Dusty Baker has chewed his final toothpick and chewed out his last umpire in the major leagues.
The 74-year-old Houston Astros manager confirmed his retirement Thursday after 26 seasons as a big league skipper.
“I would first like to say thank you to (Astros owner) Jim Crane and family for giving me this opportunity over the last four years,” Baker said Thursday. “It has been a tremendous honor to be the leader of this ballclub. Thank you to the fans for their unwavering passion. The amount of love I’ve received in my time in Houston has been unmatched.
“Thank you to all my players and coaches for their many sacrifices on our multiple pursuits to a World Series title. You all gave me all you had every day, and that’s all I can ever ask for. Lastly, I want to say thank you to all my friends and family. I have immense gratitude for all of the love and support you have shown me throughout the years, and I can’t say thank you enough. This isn’t a goodbye, it’s simply a ‘see you later.'”
Baker ranks seventh with 2,183 wins, and all eligible managers with 2,000 wins are in the Hall of Fame. He became the first Black manager to reach that milestone and would be the first inducted into Cooperstown.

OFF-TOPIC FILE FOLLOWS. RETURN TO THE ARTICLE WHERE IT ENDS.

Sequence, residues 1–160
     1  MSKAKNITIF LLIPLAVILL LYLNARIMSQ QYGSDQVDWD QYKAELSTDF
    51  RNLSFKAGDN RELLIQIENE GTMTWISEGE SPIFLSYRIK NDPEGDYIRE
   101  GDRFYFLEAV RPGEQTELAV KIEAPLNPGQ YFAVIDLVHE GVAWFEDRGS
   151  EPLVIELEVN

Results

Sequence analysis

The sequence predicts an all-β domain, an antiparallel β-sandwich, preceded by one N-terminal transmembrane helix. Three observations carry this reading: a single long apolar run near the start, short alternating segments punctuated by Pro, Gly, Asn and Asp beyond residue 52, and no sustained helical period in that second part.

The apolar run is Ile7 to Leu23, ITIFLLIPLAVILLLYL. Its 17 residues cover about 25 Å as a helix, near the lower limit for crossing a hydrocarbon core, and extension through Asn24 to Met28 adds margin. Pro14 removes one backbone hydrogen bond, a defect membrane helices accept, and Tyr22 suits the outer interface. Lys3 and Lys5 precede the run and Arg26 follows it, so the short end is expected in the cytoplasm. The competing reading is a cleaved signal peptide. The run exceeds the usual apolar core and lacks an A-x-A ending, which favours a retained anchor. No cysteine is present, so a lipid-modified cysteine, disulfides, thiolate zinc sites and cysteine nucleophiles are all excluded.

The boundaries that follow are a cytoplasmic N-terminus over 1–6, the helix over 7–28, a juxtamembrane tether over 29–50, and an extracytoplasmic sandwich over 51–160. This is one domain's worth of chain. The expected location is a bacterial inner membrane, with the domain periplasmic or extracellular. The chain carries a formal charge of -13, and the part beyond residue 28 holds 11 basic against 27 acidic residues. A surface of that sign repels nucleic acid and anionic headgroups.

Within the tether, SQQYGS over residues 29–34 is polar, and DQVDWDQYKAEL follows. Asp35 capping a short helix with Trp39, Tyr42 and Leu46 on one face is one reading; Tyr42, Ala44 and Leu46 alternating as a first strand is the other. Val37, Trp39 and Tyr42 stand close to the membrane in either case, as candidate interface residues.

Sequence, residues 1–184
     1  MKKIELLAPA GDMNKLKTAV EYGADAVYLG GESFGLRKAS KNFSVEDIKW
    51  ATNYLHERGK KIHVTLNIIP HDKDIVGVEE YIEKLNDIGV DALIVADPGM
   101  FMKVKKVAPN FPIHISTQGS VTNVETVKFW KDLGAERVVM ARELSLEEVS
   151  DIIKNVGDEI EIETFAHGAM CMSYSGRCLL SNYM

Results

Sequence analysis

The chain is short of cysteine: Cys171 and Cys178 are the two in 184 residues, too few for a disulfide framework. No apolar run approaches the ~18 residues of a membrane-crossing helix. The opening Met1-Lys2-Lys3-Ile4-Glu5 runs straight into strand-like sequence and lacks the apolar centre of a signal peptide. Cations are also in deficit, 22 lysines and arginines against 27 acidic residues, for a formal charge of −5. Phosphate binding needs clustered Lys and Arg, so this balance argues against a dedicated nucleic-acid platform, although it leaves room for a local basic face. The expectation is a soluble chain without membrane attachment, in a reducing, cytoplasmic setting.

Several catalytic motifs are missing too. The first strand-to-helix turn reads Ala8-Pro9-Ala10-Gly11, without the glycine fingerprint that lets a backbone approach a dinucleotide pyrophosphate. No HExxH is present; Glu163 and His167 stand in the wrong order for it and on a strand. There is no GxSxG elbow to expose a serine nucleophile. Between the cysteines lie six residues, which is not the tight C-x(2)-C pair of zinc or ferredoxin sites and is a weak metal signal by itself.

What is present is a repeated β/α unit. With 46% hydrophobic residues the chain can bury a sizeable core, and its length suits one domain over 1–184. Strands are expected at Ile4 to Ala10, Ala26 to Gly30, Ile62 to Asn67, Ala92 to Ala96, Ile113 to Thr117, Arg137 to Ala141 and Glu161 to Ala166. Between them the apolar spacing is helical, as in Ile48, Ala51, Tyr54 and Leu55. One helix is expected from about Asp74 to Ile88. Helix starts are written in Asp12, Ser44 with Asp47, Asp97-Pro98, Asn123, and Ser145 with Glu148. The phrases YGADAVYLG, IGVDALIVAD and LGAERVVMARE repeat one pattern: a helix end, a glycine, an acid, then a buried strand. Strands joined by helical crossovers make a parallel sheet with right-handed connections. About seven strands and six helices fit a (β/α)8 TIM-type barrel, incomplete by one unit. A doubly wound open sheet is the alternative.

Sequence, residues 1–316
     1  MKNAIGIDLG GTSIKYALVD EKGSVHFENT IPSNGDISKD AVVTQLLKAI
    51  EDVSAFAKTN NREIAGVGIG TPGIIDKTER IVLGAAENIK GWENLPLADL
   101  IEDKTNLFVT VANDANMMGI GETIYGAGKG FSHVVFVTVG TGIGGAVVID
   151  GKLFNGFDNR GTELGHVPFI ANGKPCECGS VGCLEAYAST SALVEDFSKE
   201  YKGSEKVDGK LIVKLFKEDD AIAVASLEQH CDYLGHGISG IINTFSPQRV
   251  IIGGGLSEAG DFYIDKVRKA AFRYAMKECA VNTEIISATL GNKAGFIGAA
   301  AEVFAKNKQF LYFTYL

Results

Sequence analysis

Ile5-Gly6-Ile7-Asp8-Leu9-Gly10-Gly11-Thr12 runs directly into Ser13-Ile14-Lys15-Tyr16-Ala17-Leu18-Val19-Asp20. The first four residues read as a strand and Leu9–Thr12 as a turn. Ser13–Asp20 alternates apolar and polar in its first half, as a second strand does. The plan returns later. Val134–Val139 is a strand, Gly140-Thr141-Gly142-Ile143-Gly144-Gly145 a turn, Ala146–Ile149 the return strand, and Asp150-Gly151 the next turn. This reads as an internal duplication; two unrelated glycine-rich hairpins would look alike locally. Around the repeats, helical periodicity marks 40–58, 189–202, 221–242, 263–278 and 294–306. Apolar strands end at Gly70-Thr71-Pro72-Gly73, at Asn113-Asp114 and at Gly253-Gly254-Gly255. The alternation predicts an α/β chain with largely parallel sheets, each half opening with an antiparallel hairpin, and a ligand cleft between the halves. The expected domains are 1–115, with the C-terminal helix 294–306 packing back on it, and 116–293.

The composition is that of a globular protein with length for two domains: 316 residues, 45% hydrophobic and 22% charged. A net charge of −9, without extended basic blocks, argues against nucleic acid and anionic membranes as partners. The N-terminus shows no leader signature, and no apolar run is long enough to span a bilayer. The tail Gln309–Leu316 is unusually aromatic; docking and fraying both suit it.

Baker’s defending World Series champion Astros lost to the Texas Rangers in seven games in the AL Championship Series, which ended Monday.
He compiled a record of 2,183-1,862 (with one tie) across 4,046 games on the bench for the San Francisco Giants (1993-2002), Chicago Cubs (2003-06), Cincinnati Reds (2008-13), Washington Nationals (2016-17) and Astros (2020-23). He is the only manager to lead five different teams to division titles and was the National League Manager of the Year in 1993, 1997 and 2000.
His Astros won the AL West for the third straight season in 2023. In 2022, the Astros defeated the Philadelphia Phillies in six games to win the World Series.
Baker helped restore luster to a franchise embarrassed by a sign-stealing scandal that ultimately led to suspensions for general manager Jeff Luhnow, manager A.J. Hinch and bench coach Alex Cora.
“When we hired Dusty four seasons ago, we felt that he was the right person to guide this club during a tumultuous time — and we were right,” Crane said. “The success we’ve had under Dusty on the field is obvious, and the impact that he has had on our players, our organization and within our community has been tremendous. Dusty is a Hall of Famer as a manager, but more importantly, he is a Hall of Fame person. It has been an honor to have him as our manager.”
Baker was a two-time All-Star outfielder who played 19 seasons with the Atlanta Braves (1968-75), Los Angeles Dodgers (1976-83), Giants (1984) and Oakland A’s (1985-86). He compiled 1,981 hits with 242 homers and 1,013 RBIs in 2,039 games.